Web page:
Allergic emergencies can occur with certain insect stings, food allergies, occasionally with severe asthma and sometimes for unknown reasons. People who suffer from severe allergic reactions must receive immediate medication, usually in the form of an injection or sometimes an inhaler.
Allergic reactions to insect stings are usually from the sting of a bee, wasp, hornet, yellow jacket, from the bite of a fire ant and, in some cases, from the bite of the kissing bug. More than a million people in the United States have anaphylactic reactions to Hymenoptera (bee) stings each year. Symptoms which are considered serious include hives in an adult, swelling in a location distant from the sting site (for example, if a sting is on the finger and the lips swell), chest tightness, wheezing, shortness of breath, a drop in blood pressure or the development of shock. A person with any of these reactions could then suffer a life-threatening reaction if they are stung again-for example, the larynx or trachea could swell and they would be unable to breath.
Emergency Epinephrine Kits
Patients who suffer severe allergic reactions must carry injectable epinephrine (adrenaline) at all times, because they may not have time to get to an emergency room or physician. Reactions can occur within 15 minutes or less.
Foods that can cause reactions after ingestion are usually fish (especially shellfish), pork, eggs, milk and peanuts. However, almost any food can cause an allergy. Sulfites, which are used in certain foods as a preservative, can also cause allergic reactions. People who suffer from food allergies must avoid foods they have reacted to and be on the alert for these foods on package labels or mixed with other nonallergic food items.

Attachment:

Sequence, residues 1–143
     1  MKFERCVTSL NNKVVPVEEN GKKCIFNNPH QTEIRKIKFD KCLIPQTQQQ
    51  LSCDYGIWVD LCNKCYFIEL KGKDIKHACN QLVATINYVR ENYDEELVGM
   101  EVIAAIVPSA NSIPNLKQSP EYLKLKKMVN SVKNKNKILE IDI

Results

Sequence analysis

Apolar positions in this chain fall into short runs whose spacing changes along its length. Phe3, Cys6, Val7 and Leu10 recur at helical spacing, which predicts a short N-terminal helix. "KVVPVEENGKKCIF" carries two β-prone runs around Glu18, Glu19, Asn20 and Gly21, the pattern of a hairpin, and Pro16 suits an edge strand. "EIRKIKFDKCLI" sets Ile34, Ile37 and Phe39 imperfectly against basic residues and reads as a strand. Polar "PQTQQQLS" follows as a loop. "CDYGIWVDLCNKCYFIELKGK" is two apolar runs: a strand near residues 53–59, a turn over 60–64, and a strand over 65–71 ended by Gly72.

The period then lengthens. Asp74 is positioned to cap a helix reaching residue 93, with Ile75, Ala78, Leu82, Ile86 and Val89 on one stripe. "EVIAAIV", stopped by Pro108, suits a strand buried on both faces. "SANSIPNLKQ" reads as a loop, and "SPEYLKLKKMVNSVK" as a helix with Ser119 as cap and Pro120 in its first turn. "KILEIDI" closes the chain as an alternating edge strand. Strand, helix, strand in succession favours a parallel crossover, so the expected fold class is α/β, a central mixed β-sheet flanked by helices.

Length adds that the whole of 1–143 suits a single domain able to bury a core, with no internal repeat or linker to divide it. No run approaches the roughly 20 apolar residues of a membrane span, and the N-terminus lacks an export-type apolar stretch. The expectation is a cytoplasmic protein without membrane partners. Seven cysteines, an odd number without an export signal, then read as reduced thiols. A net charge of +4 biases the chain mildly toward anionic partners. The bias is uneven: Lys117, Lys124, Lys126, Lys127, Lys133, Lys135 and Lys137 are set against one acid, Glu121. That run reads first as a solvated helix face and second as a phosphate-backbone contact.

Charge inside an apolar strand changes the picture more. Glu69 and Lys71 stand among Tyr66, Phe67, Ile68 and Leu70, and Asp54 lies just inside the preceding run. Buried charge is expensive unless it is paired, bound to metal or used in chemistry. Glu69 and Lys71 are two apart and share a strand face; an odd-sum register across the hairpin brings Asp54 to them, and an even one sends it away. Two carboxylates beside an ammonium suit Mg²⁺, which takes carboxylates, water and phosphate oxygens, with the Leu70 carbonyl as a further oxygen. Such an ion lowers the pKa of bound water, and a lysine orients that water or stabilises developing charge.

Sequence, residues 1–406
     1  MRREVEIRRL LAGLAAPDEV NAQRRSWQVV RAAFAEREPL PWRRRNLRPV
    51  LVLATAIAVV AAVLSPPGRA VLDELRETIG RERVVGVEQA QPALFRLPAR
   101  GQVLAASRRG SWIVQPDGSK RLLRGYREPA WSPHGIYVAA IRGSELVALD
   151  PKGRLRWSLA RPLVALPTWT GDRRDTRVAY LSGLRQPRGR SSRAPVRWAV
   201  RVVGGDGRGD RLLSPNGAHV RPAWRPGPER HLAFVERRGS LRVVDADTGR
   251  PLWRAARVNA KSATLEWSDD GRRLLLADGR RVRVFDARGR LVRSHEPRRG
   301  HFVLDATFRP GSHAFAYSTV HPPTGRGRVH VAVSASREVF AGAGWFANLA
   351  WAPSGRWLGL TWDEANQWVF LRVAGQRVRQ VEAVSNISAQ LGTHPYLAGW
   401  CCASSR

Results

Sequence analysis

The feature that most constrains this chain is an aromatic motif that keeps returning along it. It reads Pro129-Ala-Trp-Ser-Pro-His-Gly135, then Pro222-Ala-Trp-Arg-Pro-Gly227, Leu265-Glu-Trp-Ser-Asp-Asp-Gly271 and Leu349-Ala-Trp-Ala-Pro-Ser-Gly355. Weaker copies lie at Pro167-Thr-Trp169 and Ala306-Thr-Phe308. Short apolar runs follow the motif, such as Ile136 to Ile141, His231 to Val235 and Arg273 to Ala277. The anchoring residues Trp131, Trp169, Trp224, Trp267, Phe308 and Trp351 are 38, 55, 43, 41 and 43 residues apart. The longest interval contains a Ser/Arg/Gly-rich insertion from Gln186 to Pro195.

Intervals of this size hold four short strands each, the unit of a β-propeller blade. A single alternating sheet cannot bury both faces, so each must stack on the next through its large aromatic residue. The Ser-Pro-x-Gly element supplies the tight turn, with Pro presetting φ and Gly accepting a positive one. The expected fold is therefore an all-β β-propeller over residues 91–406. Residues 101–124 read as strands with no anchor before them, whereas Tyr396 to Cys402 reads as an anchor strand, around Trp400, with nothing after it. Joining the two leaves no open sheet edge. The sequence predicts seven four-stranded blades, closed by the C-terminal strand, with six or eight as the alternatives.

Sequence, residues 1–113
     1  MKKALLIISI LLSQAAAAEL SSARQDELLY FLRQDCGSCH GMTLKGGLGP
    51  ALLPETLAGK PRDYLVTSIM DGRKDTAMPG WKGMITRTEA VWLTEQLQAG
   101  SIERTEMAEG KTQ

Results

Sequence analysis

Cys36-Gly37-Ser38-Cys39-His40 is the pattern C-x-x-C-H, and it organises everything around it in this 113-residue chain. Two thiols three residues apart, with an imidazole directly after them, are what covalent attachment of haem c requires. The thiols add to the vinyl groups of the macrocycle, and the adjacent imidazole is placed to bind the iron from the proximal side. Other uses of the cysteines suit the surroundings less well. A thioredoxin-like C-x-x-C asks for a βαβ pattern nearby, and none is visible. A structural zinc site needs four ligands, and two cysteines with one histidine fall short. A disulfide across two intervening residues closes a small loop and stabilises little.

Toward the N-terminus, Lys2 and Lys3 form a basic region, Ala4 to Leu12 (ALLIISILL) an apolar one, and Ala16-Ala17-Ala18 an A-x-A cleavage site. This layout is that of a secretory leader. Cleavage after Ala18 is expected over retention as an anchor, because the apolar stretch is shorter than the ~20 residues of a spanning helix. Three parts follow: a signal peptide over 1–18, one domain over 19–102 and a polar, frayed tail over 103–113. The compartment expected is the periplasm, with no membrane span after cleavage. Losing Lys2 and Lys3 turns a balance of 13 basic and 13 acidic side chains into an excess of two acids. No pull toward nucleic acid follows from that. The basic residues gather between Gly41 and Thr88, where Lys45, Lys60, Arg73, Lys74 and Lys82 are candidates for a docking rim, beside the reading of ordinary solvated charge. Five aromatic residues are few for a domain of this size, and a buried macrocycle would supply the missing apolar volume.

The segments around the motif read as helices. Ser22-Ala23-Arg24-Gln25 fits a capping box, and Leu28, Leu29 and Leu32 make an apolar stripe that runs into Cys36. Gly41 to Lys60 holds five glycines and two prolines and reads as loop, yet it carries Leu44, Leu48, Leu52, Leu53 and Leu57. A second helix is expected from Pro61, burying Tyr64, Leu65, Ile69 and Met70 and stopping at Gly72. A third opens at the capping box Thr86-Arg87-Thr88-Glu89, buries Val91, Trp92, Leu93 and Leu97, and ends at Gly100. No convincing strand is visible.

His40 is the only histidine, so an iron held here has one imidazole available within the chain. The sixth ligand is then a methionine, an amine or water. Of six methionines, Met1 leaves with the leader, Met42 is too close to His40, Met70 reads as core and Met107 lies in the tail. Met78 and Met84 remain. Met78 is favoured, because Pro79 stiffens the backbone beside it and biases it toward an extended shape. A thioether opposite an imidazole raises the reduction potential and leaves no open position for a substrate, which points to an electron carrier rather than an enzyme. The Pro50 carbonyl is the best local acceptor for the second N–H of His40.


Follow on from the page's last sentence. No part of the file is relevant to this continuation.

Life-Threatening Allergic Reaction
Angioedema, or severe allergic swelling is usually accompanied by a rash or hives. This condition can also be life threatening. If the cause of angioedema is known, it should be avoided. If the cause is unknown or is a food and the patient has had breathing problems, injectable epinephrine or an inhaler should be carried.
Severe asthma, the most common type of allergic emergency, is usually treated with hand-held metered-dose inhalers containing medication such as pirbuterol, albuterol, metaproterenol or terbutaline. If the asthma reaction is severe, an injection of epinephrine may be needed.
Prevention and Treatment
Prevention and treatment of allergic reactions should be discussed with your doctor. He will consult with you on which medication is the most effective and most practical for you to use. There are some antihistamines that may help in allergic emergencies, but in general they cannot take the place of injectable epinephrine. A spring-loaded injectable epinephrine is available called EpiPen. This medication can be self-administered without the use of a syringe. The alternative is to be taught to inject the epinephrine with a syringe prior to any emergency that may occur.
If you have suffered from a severe allergic reaction, it is important that you be prepared before a life-threatening reaction occurs. Consult with your doctor so he can prescribe the best medication for your condition and you can develop a treatment plan.